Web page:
Here is a statement for International Women’s Day from the Spanish anarchist group, Apoyo Mutuo. I included material from various anarchist feminists in all three volumes of my anthology of anarchist writings, Anarchism: A Documentary History of Libertarian Ideas. Some of the anarchist women included in the anthology are Louise Michel, Charlotte Wilson, Emma Goldman, Voltairine de Cleyre, He Zhen, Itô Noe, Takamure Itsue, Marie Louise Berneri, Ethel Mannin, Peggy Kornegger, Carol Ehrlich, Rossella Di Leo and Carole Pateman.
There is no democracy without feminism
The legacy of the struggles of women against patriarchal domination contributes to the definition of the current socio-political model. Its discourse and strategies against this sexist, unjust and authoritarian system are the source of forms of resistance and creation that we practice today. Although we find experiences of antipatriarchal rebellion in any historical moment, for more than three centuries feminism, as a unifying concept of perspectives, projects its heritage beyond the limits of a mere social movement. It is not a current, it is a critical way of understanding reality.
The multifaceted nature of the struggle for the rights and freedoms of women, with different approaches and points of incidence, invites us to speak of “feminisms” in the plural. We thus recognize a proactive and transformative condition, in constant adaptation, which has been shaping and consolidating other political movements. Feminisms have brought about changes that affect us as individuals and as a group, helping us to overcome purely ideological positions and to put into practice discourses. They offer guidance on how to realize values such as solidarity or freedom in everyday acts.
This intellectual tradition teaches us that we can not speak of “women” as a homogeneous subject. To be aware that our knowledge and perspectives are defined by our place in the world (ethnicity, social class, sexual orientation, national origin, age… ) requires us to be cautious when studying the category that society calls “woman”. This concept, limited and insufficient, is instrumentalized to render invisible, from women workers, the indigenous, lesbians, black women, to dissident bodies and so many others.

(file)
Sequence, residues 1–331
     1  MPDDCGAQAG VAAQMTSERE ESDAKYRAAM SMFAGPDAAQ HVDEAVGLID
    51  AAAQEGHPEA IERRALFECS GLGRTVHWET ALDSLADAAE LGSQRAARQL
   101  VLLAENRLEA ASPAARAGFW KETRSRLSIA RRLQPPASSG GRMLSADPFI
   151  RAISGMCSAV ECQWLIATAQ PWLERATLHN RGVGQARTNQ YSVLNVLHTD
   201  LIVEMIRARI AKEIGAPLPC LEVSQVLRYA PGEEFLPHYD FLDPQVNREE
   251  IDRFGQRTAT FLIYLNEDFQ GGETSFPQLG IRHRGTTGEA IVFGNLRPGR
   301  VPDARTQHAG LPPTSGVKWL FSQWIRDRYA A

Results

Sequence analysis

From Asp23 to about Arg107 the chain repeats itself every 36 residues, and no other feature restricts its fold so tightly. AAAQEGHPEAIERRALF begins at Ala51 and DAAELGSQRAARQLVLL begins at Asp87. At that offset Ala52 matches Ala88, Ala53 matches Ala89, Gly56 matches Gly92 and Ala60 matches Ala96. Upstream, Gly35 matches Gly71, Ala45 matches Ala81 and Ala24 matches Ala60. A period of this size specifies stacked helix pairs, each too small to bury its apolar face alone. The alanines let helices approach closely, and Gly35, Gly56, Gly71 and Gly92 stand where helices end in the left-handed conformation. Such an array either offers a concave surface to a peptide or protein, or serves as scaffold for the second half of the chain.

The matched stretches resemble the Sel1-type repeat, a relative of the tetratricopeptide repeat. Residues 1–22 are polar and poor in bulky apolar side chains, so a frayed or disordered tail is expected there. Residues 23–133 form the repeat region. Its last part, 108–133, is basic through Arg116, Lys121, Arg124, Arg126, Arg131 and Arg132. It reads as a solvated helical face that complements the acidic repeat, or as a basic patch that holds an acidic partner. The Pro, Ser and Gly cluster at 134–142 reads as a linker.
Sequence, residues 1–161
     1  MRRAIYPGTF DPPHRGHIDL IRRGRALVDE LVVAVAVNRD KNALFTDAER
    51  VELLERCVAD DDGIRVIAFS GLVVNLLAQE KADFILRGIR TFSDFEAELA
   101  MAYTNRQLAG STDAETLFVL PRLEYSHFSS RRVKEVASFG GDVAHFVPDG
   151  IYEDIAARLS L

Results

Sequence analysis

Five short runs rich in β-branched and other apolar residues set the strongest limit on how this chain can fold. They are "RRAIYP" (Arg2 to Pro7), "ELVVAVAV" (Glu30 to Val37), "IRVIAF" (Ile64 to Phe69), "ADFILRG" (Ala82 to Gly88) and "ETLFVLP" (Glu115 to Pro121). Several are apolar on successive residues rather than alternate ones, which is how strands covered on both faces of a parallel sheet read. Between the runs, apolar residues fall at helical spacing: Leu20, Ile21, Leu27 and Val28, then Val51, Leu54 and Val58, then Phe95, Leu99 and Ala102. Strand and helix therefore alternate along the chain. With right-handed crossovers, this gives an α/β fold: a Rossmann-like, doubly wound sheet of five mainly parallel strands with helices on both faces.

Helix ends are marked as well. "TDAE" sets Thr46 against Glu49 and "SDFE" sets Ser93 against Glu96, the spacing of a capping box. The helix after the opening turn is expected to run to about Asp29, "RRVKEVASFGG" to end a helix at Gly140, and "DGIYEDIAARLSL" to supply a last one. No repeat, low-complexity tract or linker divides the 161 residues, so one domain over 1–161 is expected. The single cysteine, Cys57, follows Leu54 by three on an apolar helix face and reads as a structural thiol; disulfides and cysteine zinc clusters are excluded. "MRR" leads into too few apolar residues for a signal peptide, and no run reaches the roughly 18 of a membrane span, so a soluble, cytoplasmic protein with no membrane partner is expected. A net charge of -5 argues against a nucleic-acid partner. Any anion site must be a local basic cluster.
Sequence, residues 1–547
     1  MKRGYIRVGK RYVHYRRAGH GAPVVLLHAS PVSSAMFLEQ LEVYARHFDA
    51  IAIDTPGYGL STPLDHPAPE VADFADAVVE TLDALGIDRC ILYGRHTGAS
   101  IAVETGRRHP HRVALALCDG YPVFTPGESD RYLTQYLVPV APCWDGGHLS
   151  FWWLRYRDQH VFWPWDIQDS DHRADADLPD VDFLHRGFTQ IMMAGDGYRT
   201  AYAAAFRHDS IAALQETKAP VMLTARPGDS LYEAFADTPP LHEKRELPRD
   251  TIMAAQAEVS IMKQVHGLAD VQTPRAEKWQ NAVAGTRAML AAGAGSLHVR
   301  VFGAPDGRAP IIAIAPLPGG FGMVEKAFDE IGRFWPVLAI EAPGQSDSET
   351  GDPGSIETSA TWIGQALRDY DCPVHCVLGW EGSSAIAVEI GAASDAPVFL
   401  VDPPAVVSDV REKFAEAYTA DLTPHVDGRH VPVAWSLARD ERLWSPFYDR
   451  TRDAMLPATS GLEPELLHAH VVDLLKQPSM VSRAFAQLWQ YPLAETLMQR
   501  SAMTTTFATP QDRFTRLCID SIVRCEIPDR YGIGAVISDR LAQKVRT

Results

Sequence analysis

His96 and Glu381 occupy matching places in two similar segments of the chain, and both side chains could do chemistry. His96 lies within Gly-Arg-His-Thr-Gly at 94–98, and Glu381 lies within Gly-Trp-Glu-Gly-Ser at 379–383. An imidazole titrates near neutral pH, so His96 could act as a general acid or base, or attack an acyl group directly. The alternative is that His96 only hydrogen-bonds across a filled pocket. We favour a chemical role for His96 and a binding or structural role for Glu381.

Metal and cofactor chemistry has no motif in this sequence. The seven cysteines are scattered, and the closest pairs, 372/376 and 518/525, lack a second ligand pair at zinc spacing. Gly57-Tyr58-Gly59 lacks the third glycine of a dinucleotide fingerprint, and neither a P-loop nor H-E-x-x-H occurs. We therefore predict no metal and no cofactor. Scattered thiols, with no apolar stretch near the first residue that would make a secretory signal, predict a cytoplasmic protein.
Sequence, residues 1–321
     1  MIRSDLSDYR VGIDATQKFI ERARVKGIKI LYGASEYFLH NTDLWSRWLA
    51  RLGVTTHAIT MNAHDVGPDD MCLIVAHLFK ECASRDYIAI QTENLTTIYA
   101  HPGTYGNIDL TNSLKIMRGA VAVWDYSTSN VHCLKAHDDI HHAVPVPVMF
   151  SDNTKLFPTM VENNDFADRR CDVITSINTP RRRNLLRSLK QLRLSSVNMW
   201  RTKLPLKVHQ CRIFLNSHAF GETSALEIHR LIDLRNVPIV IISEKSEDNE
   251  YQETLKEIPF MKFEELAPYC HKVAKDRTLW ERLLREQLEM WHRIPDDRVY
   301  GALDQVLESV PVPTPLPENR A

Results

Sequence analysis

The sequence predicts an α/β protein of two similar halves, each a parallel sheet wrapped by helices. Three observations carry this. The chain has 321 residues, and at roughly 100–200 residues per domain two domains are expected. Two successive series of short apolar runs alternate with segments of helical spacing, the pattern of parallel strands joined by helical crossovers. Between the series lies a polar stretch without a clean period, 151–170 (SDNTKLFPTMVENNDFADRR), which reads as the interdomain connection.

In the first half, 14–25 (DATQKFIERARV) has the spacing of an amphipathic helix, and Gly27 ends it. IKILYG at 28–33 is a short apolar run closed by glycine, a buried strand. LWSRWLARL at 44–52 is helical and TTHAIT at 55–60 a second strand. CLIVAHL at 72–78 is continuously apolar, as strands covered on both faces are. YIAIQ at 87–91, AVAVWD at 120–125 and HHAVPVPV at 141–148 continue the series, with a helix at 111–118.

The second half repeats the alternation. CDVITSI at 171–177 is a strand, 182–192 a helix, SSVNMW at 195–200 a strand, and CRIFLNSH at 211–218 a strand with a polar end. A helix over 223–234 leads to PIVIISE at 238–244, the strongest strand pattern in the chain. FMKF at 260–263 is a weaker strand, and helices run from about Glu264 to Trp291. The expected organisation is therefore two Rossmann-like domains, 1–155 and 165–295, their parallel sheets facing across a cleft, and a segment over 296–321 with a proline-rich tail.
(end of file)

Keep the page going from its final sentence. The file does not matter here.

This critical view of our own discourse does not, however, assume that give up looking at ourselves as an oppressed group. To complete our knowledge with a thorough analysis of the areas and diversity of feminisms will help us design more transversal strategies. To update our feminist agendas with this new look is the challenge.
With this perspective it is impossible to deny the centrality of some urgent problems such as gender violence and the feminization of poverty, both closely related. This terrifying alliance between capitalism and patriarchy costs us lives. From our various feminisms, we are forced to design a common agenda to combat both systems of domination in all strata and levels: on the street and in institutions, in the workplace and the home, in organizations and everyday relationships; so many tactics as partners to have at the service of a single objective.
A model of democracy that fully guarantees the rights of women is desirable but insufficient. Feminist economics has taught us that the values and priorities of the economy of patriarchy are the ultimate cause of social injustice and are obstacles to sustainability. Feminisms brought back to the center of the debate the most essential: sustaining life. There is an array of tasks, jobs and functions that the dominant economic system denies or ignores, but which are absolutely essential for social welfare or even for survival.
The recognition of so-called ‘domestic work’ is an example of this struggle between feminisms and patriarchy. The capitalist system boasts of its ability to find a balance in the relationship between work and pay, but it survives thanks to the work of millions of people, mostly women, who provide their services for free. Feminisms unmasked the problem, denounced it and offer profound solutions to eradicate it.
To launch our offensive we must first define our opponent, to whom we turn. It is necessary to keep in mind that the institutions are not reducible to the state, with its multiple heads and instrument, the Law. Social roles are also institutions, whose transformation is addressed by designing and reproducing new educational models, as are the family or the couple, which are challenged through the practice of other affective models which must be made visible and supported.
In short, women’s struggle is a struggle for the freedom of all people. It teaches us how to decommodify and democratize human relations, recuperating the fair value of people over things; the practice and theory of mutual support that are the foundation of the social change that we are building.